14 December 2020
The Portraits of Edgar Degas
with Chris Boicos
Edgar Degas, Self Portrait, 1863, Gubelkian Foundation, Lisbon
Edgar Degas (1834-1917), one of the key founders of the Impressionist group in 1873-74, was also the Impressionist painter most committed by taste and classical training to the human figure. Today he is considered one of the greatest portrait painters in the history of art.
While preserving conventions he inherited from the old masters – the 15th century Flemish painters, Dürer, Van Dyck or Titian – he was absolutely committed to modernizing the 19th century portrait by adapting it to the new civilization created by the economic and social revolutions of the Paris of his day. Daring spatial compositions, new vantage points, sketchy or unfinished portions in his portraits bring a vitality and immediacy to his depictions, unprecedented in the art of portraiture. From the point of view of content his careful study of contemporary costume and what today we would call “body language”, completely re-define his figures in the context of their time and frequently also in that of their daily lives and intimate or professional environments.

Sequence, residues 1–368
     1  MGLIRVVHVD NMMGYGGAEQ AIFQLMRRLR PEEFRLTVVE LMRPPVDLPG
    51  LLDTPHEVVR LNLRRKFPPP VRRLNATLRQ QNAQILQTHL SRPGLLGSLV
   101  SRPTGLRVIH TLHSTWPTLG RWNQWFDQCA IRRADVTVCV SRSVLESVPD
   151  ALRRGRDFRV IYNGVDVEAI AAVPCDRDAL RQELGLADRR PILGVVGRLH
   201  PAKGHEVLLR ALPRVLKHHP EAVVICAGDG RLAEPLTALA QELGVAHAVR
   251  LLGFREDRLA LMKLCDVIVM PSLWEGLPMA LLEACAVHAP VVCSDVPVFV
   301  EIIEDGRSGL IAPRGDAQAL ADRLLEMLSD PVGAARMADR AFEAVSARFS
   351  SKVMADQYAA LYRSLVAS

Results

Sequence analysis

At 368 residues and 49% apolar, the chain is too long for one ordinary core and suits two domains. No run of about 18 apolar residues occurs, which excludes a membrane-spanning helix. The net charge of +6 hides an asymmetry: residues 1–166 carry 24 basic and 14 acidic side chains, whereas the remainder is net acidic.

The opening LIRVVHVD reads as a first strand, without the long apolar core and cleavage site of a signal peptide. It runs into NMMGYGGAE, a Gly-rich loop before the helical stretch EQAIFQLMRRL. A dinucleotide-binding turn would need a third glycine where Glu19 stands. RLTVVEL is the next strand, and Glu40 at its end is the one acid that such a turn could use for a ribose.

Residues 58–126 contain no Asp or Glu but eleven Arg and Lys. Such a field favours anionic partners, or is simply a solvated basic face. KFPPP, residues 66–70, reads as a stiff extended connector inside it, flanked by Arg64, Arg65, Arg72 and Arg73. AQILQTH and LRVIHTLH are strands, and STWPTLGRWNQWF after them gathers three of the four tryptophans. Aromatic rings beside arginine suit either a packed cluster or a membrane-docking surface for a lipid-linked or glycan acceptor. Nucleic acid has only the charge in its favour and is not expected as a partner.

Degas is also the first portrait painter of the 19th century to drop the conventions of idealizing grace and sentimental femininity for his depiction of women, endowing his female subjects with distinctive and strong personalities that restore to the gender the individuality and psychological weight usually reserved for the depiction of their husbands. Degas is also unusual for never having painted a portrait on commission. Most of his portraits are of family, friends, artistic colleagues, critics and art collectors, hence people that he was linked to intimately or professionally. This gave him the possibility to interpret his sitters with an absolute freedom and entirely according to his own vision, without regard to convention or the need to flatter. The result is one of the most distinctive and powerful galleries of human portraits in the history of art.
Edgar Degas, At the Milliner's (Mary Cassatt), 1882, Metropolitan Museum of Art, New York